Top retailers have urged the European Commission to cap “excessive” fees charged by banks for processing card payments ahead of a debate on the issue today.

Some 13 chief executives of large UK retailers - including Sainsbury’s, Marks & Spencer, Asda, Kingfisher, Morrisons, Home Retail Group and Boots - have signed a letter sent to MEPs to encourage them to reduce card fees so they can invest in their businesses.

Card payment fees on credit or debit cards cost British retailers £850m each year, according to the British Retail Consortium (BRC).

This summer the European Commission tabled plans to limit charges at 0.2% for debit cards and 0.3% for credit cards. Currently, UK fees range from 0.1%up to 2.5%. The new charges would save retailers £362m each year.

The Commission also put forward plans to scrap the “honour all cards rule”, as at the moment retailers must accept all major cards.

In the letter, retailers said: “The market in which we operate is highly competitive. We compete on price and value every day and put our customers at the heart of everything we do. Any savings in a reduction in card interchange fees will create capital to enable a range of investments.”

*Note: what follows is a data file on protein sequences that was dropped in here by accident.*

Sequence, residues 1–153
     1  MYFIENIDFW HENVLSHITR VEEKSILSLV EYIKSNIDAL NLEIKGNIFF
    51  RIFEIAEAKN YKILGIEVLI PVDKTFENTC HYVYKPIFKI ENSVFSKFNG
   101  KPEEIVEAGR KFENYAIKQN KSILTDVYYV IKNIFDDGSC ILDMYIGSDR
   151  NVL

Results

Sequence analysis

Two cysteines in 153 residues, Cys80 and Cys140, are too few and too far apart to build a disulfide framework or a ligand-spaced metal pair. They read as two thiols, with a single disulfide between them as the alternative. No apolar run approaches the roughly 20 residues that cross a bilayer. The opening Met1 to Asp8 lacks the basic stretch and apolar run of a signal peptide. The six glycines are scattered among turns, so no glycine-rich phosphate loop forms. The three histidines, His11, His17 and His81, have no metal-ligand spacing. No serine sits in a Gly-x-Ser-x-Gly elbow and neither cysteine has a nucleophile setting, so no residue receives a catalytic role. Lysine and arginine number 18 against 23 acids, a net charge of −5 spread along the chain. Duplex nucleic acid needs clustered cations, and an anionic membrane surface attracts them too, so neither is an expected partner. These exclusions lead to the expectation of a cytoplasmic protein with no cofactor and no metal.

The chief executives warned that “any dilution of [the proposals] will simply allow these excessive costs to continue, remove transparency and result in a lack of proper competition within the banking sector”.

The BRC said that the plans are at risk of being “significantly” delayed unless progress is made on the proposals before the next European election.

BRC director general Helen Dickinson said: “We are now extremely concerned that this vital initiative is at risk.

“Here in this letter we have an important coalition of some of Britain’s biggest retailers, united in support of this important reform. The window for change is limited and with European parliamentary elections and a new European Commission in the middle of 2014, change needs to come now.”

Card payment providers Visa and Mastercard have criticised the proposals because they believe retailers will not pass savings on to customers.

MEPs are set to debate the issue in Brussels today.